HTML and CSS Reference
In-Depth Information
HTML5 Overview
HTML5 offers new features (elements, attributes, event handlers, and APIs) for easier web
application development and more sophisticated form handling.
The HTML5 specification is based on HTML 4.01 Strict, but unlike previous HTML Recom-
mendations, HTML5 does not use a Document Type Definition (DTD). Instead, it uses the
Document Object Model (DOM, the “tree” formed by a document's structure) as its basis
rather than a particular set of syntax rules. It also differs from previous recommendations in
that it includes detailed instructions for how browsers should handle malformed and legacy
There are two organizations maintaining slightly different HTML specifications as of this
(WHATWG). In 2003, members of Apple, Mozilla, and Opera formed the WHATWG to fur-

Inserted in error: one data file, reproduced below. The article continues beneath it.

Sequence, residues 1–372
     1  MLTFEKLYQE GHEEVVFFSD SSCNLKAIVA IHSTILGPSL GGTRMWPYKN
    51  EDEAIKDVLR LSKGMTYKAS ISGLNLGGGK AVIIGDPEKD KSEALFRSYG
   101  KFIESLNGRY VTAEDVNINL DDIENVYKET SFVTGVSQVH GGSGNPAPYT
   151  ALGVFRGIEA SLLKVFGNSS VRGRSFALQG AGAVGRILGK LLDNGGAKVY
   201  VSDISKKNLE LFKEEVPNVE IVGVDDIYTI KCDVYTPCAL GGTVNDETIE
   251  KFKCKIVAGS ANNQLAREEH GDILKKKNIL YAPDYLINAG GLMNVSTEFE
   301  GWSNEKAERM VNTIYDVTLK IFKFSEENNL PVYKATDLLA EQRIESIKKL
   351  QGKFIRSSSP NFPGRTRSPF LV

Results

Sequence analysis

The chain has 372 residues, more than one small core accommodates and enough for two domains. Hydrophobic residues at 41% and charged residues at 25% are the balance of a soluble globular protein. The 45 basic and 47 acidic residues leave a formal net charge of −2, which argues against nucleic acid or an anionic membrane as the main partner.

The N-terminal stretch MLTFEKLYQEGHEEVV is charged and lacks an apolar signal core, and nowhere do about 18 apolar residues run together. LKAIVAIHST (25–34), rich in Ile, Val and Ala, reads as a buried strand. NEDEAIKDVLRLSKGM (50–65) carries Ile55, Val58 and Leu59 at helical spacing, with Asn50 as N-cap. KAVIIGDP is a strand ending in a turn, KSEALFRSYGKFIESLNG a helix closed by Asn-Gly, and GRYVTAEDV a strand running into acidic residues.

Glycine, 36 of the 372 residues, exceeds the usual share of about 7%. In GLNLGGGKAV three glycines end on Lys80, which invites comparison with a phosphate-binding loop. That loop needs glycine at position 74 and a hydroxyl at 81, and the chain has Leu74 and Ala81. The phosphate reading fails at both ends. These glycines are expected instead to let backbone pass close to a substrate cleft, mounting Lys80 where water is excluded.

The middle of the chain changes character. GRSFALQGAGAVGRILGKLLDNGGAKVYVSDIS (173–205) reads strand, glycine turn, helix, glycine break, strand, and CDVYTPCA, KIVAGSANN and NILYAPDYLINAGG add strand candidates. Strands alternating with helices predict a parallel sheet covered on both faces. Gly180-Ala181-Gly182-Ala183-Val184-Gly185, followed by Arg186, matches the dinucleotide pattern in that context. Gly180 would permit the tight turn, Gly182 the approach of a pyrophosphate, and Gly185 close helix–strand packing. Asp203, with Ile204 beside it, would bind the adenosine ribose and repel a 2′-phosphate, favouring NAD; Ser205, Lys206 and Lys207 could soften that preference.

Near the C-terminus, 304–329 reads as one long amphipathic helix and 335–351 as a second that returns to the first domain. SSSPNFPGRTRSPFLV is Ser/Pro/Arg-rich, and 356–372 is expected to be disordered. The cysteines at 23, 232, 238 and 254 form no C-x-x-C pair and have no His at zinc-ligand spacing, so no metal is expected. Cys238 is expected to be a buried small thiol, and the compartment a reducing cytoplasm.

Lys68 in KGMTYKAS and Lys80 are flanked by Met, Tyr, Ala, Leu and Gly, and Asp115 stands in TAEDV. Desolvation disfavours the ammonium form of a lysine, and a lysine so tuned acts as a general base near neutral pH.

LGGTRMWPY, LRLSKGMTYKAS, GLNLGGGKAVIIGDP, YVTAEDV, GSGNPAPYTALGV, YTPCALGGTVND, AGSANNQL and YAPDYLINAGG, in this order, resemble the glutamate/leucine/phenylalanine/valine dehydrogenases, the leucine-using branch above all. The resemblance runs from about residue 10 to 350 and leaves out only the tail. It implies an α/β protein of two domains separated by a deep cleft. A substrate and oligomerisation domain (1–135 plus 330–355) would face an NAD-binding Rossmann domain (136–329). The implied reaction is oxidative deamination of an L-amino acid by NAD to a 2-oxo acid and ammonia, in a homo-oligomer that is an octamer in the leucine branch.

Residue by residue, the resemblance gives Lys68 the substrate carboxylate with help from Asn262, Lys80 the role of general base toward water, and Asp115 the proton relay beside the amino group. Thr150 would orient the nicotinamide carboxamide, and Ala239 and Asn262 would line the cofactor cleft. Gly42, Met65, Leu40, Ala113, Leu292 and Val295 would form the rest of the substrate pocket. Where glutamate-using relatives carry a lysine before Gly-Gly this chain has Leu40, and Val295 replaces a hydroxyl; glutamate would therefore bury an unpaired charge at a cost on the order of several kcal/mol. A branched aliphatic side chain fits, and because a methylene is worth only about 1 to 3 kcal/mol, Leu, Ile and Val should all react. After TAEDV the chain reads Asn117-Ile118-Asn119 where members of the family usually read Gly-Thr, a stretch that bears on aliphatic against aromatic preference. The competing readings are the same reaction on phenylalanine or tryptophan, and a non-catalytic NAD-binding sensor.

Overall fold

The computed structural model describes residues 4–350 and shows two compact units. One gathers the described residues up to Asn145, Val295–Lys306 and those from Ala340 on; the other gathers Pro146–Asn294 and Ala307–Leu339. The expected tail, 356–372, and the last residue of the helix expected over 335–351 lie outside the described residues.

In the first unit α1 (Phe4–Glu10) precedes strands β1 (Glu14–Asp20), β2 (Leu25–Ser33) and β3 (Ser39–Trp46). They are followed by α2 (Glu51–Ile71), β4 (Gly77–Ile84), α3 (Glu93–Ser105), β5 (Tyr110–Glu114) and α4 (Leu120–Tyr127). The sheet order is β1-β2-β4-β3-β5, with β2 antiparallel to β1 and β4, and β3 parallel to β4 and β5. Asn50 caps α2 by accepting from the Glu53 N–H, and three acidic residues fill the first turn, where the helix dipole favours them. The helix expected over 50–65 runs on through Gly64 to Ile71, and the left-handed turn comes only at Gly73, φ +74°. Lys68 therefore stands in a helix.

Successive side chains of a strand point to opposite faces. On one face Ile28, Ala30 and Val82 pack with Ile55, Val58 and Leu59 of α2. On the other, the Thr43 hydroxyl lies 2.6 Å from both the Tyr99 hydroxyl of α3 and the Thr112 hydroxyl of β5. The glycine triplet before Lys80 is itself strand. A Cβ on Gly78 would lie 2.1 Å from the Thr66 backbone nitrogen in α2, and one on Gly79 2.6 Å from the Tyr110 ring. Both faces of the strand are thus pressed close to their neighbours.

ther the development of HTML in a way that was consistent with real-world authoring prac-
tices and browser behavior. Their initial documents, Web Applications 1.0 and Web Forms
1.0, were rolled together into HTML5, which is still in development under the guidance of
WHATWG editor, Ian Hickson. They eventually dropped the version number and now main-
tain “living” (unnumbered) HTML specification at .
In 2006, the World Wide Web Consortium (W3C) formed its own HTML5 Working Group
based on the work by the WHATWG. In 2009, it discontinued its work on XHTML 2.0 in
order to focus on the development of HTML5. The W3C maintains a “snapshot” (numbered)
version of HTML5 ( ) , which is expected to reach Recommendation
status in 2014. HTML5.1 is also in development and is scheduled to become a Recommenda-
tion in 2016. Nightly builds of the HTML5.1 Editor's Draft are available at
wg/drafts/html/master/ .
The differences between the W3C and HTML5 Candidate Recommendation and the
WHATWG versions are fairly minor. The WHATWG and HTML5.1 spec change frequently,
but the differences as of this writing include:
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